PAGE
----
By Anne Collier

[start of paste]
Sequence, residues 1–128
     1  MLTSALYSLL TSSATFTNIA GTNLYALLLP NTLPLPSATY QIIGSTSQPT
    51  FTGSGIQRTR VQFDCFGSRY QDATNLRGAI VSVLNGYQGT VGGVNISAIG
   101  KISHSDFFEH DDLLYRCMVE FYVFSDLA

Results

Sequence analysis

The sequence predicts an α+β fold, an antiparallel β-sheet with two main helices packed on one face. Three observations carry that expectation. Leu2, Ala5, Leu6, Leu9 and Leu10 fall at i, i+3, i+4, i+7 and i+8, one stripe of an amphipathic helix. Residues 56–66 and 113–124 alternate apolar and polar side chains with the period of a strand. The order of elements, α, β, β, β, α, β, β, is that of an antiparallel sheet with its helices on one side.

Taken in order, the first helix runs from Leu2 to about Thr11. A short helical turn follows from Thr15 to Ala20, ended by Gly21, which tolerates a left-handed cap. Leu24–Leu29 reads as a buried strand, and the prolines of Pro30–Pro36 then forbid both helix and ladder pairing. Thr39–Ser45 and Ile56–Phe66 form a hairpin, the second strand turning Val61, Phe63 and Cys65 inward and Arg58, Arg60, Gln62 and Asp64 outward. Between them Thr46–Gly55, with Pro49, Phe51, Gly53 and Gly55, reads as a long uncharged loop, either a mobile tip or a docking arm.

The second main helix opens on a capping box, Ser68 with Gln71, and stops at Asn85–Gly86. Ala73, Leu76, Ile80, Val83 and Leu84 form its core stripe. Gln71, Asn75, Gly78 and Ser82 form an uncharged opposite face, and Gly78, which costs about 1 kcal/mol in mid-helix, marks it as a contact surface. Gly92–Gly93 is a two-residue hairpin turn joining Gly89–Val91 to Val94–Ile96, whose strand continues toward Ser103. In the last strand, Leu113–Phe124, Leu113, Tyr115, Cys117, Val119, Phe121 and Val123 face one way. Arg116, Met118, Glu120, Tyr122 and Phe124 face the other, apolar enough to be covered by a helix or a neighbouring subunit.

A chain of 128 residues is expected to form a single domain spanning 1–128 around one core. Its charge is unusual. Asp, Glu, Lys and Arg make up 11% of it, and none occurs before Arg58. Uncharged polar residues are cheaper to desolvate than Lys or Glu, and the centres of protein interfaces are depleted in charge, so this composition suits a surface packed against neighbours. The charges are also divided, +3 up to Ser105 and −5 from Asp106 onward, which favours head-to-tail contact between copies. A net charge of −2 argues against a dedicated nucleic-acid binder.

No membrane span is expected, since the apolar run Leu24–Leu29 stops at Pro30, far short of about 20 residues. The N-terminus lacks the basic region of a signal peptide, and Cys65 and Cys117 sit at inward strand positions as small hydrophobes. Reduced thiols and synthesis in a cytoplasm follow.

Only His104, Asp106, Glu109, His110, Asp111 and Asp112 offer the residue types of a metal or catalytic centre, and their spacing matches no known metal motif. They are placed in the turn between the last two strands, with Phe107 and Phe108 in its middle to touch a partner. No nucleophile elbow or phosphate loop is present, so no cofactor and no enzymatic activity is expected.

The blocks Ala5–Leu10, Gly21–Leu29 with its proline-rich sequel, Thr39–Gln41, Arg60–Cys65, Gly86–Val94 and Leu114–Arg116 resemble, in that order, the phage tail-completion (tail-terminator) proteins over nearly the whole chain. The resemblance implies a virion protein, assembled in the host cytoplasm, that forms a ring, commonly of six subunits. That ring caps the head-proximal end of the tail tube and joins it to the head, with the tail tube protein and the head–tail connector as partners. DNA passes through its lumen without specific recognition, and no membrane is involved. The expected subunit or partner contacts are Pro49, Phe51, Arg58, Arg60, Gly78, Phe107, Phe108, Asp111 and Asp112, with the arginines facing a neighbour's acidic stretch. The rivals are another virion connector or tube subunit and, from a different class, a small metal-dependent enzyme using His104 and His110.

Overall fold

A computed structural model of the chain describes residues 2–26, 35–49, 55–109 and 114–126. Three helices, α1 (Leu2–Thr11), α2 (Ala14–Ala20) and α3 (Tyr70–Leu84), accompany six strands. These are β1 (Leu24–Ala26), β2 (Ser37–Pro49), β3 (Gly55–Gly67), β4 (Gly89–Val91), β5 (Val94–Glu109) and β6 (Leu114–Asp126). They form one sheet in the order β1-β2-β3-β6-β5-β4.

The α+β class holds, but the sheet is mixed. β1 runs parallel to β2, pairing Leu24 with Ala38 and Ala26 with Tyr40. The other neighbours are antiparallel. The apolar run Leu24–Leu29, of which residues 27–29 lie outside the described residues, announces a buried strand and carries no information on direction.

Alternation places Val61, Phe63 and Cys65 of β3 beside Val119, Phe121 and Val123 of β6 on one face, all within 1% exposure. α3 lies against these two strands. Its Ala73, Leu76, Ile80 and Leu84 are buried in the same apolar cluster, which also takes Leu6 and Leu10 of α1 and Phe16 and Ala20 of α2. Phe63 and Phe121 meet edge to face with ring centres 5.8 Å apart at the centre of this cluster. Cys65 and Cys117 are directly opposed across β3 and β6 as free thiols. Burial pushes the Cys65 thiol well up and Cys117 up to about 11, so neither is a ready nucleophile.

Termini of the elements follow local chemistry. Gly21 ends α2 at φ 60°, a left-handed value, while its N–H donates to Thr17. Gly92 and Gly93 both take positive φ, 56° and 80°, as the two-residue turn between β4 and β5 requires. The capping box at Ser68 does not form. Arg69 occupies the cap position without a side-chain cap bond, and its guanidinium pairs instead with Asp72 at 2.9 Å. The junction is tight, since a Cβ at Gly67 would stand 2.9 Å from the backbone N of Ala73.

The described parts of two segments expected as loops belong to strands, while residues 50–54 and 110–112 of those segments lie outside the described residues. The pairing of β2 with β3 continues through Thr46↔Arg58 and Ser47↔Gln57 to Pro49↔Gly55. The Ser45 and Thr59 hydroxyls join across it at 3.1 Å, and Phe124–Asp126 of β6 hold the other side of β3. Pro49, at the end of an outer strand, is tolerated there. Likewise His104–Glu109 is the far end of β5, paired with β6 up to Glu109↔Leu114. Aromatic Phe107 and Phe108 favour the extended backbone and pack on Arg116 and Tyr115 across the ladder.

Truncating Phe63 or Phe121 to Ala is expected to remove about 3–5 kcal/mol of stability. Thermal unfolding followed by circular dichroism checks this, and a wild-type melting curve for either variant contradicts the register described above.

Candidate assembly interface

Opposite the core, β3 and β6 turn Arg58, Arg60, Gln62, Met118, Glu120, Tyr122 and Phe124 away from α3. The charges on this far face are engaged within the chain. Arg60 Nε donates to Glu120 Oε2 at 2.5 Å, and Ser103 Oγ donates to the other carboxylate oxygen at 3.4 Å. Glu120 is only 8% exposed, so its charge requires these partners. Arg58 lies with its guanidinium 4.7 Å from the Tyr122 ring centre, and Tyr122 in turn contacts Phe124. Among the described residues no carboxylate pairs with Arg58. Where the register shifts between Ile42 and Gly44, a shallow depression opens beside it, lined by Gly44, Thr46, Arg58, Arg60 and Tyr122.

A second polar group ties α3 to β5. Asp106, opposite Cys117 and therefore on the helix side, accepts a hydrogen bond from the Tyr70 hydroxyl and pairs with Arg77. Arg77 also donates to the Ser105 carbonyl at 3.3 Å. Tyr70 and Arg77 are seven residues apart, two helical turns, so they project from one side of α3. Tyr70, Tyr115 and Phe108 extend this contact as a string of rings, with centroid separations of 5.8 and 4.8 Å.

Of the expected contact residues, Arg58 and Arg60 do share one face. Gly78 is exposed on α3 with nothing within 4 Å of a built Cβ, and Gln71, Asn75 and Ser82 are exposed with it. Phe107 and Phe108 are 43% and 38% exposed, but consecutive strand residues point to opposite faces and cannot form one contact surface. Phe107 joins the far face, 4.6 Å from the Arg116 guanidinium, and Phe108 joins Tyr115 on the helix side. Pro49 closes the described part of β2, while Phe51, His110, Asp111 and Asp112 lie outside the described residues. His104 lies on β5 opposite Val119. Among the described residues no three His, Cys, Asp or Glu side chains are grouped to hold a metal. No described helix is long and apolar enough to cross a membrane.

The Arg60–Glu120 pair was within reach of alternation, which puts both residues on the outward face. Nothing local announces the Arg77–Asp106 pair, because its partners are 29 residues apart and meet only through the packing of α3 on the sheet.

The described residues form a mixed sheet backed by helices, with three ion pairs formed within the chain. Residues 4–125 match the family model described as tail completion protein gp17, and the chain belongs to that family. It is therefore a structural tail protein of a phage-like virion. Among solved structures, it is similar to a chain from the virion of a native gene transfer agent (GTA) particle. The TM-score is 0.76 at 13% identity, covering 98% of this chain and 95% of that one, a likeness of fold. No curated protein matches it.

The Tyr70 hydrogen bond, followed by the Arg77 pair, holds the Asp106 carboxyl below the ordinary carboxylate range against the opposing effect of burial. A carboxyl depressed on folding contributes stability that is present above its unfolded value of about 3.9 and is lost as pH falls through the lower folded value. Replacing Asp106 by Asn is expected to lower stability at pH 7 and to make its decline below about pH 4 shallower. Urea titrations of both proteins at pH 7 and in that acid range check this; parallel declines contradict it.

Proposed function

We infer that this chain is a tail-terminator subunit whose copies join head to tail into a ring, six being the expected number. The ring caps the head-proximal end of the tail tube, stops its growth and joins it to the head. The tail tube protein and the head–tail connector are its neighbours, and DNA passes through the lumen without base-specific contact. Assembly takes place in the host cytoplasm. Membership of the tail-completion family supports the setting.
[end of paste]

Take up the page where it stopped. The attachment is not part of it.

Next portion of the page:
“Teachers must be cautious in utilizing social media” was the headline in the Courier Post in New Jersey. What a bizarre takeaway that is from this tragic occurrence: “Last month, criminal charges were filed against Charles Reilly, a veteran teacher (and since-resigned town councilman) in Pine Hill [N.J.]. Reilly is accused of having inappropriate sexual conversations with male middle school students. Many of the conversations between Reilly and the boys took place electronically, through Facebook, according to the Camden County Prosecutor’s Office,” the Courier Post reported. I guess I can see why a teachers’ union would caution members about social networking with students, but in this case thank goodness those conversations occurred in Facebook and not in private phone conversations! How much longer would it have taken for the reprehensible behavior of “veteran teacher” Mr. Reilly to be found out? Why is the union focusing on the communications tool as the problem? Why aren’t the Courier Post’s reporter and editors saying anything about how thankful that community can be that a teacher’s criminal activity was exposed in a social network site? But the other amazing thing about this article is that the union and district officials mentioned in it seem to believe that social media make good people more inclined to damage not only their jobs and reputations but children! This assumption needs to be challenged, if only to help people see that the exposure social media afford has potential positive consequences as well as negative ones – very positive consequences, including protecting children.